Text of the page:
Wednesday, 20 March 2013

Divorce, Poino, Her Parents at The Macbeth - 19 March 2013


I’m here at the Macbeth, a lovely little venue off Hoxton Square. Ok ‘lovely’ is a relative term, but in this case I’m referring to it being brilliant for small, rowdy gigs rather than the outside appearance of the place, which looks as though it is ready for a wrecking ball.

First up are Her Parents, often described in these rarefied circles as a supergroup because the foursome comprise survivors from outfits such as Internet Forever, Stairs to Korea and Dananananaykroyd. Household names all.

The band plug in and fire off in all directions. Lead vocals are exchanged between all members and bass and guitars are thrashed and abused with gusto. It’s fast and screamy and chaotic and blows the cobwebs away. 

If the band seem initially a little constrained by the small stage they soon loosen up into a shouty, punky cacophony.

One of my colleagues mischievously observes that two of the band are so much noticeably older than the other two that they should be called ‘Our Parents’, but that is a crueller jibe than they deserve.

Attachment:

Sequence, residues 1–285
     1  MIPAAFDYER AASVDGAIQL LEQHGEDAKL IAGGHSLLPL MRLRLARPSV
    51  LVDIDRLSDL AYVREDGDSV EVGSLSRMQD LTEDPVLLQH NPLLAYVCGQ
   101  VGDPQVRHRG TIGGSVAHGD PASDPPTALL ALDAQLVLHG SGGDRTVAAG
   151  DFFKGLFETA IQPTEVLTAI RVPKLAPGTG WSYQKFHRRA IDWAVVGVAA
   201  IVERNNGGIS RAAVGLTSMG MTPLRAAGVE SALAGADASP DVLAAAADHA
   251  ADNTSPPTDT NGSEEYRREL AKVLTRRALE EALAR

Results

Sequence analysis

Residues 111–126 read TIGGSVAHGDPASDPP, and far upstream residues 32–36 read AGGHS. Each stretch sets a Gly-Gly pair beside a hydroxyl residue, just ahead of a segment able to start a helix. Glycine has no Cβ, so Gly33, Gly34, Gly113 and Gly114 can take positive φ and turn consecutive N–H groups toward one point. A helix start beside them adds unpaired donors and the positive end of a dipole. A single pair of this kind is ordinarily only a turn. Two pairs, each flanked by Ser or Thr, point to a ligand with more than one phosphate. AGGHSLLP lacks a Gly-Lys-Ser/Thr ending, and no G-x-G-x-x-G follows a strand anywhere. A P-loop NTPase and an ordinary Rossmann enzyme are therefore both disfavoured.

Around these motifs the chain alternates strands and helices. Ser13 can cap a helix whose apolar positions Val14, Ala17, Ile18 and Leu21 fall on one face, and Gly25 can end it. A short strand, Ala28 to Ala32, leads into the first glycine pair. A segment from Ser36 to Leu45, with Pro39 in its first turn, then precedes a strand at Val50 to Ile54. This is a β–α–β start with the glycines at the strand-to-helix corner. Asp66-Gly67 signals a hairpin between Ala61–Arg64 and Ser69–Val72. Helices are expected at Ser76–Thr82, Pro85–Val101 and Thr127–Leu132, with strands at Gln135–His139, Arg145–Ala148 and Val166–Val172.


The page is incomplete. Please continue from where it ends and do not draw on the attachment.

Her Parents are fun and fresh and the perfect way to get the party started.  

It is clear that most people are here to see indulgent math rockers Poino.

The band immediately cause me problems. I can tell that they are assured, skilled and in total mastery of what they do. I know that those who have come to see them are not disappointed.

And yet I think them soulless and dull. This is essentially the jazz rock of bands like Battles and although it may be popular with the beard stroking fraternity that dig these sounds, I just find this fiddly noodling self absorbed and nowhere near as innovative as they think they are.

It’s not them. It’s me. (But it’s them).

Poino go down like a house on fire and the venue thins out a bit before the arrival of headliners Divorce
And Divorce are utterly uncompromising, terrifying and completely brilliant.

While bassist Vickie and guitarist VSO circle the drum kit of Andy, singer Jennie is lost in the crowd. You can see occasional glimpses of a tiny form pacing back and forth, her hair in her eyes. The noise that she makes is an unholy, distorted squealing wail, like demons boiling in the pits of hell.

The noise and energy that the band generate is tremendous, a thunderous rumble of menace and malevolence interspersed with inchoate babbles of despair and anguish.

They’re a bit good.

A vicious mosh pit forms, with overweight youths crashing and bumping into each other. It’s an appropriate response.

Divorce are a band that can only exist on nights like this, in small scuzzy wonderful little venues like the Macbeth. This keeps you alive.

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